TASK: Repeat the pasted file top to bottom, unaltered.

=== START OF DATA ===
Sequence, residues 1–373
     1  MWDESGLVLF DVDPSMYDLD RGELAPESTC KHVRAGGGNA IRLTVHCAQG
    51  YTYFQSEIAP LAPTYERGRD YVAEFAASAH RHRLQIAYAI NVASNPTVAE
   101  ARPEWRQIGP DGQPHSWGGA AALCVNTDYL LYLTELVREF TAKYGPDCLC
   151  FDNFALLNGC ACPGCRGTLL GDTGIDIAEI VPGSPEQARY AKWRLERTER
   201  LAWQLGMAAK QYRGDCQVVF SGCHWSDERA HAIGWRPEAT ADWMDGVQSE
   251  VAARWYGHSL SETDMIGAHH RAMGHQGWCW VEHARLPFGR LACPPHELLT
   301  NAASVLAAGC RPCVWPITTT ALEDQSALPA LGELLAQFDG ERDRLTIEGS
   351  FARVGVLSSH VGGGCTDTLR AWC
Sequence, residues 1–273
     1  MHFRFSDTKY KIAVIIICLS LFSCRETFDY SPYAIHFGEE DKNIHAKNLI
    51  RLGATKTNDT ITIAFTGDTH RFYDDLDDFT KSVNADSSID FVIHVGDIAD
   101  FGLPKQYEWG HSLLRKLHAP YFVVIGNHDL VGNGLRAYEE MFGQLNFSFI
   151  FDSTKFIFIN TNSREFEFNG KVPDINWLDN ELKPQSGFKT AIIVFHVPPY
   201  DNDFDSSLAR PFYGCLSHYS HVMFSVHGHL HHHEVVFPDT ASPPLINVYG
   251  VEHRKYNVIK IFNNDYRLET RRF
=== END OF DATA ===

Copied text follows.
Sequence, residues 1–373
     1  MWDESGLVLF DVDPSMYDLD RGELAPESTC KHVRAGGGNA IRLTVHCAQG
    51  YTYFQSEIAP LAPTYERGRD YVAEFAASAH RHRLQIAYAI NVASNPTVAE
   101  ARPEWRQIGP DGQPHSWGGA AALCVNTDYL LYLTELVREF TAKYGPDCLC
   151  FDNFALLNGC ACPGCRGTLL GDTGIDIAEI VPGSPEQARY AKWRLERTER
   201  LAWQLGMAAK QYRGDCQVVF SGCHWSDERA HAIGWRPEAT ADWMDGVQSE
   251  VAARWYGHSL SETDMIGAHH RAMGHQGWCW VEHARLPFGR LACPPHELLT
   301  NAASVLAAGC RPCVWPITTT ALEDQSALPA LGELLAQFDG ERDRLTIEGS
   351  FARVGVLSSH VGGGCTDTLR AWC
Sequence, residues 1–273
     1  MHFRFSDTKY KIAVIIICLS LFSCRETFDY SPYAIHFGEE DKNIHAKNLI
    51  RLGATKTNDT ITIAFTGDTH RFYDDLDDFT KSVNADSSID FVIHVGDIAD
   101  FGLPKQYEWG HSLLRKLHAP YFVVIGNHDL VGNGLRAYEE MFGQLNFSFI
   151  FDSTKFIFIN TNSREFEFNG KVPDINWLDN ELKPQSGFKT AIIVFHVPPY
   201  DNDFDSSLAR PFYGCLSHYS HVMFSVHGHL HHHEVVFPDT ASPPLINVYG
   251  VEHRKYNVIK IFNNDYRLET RRF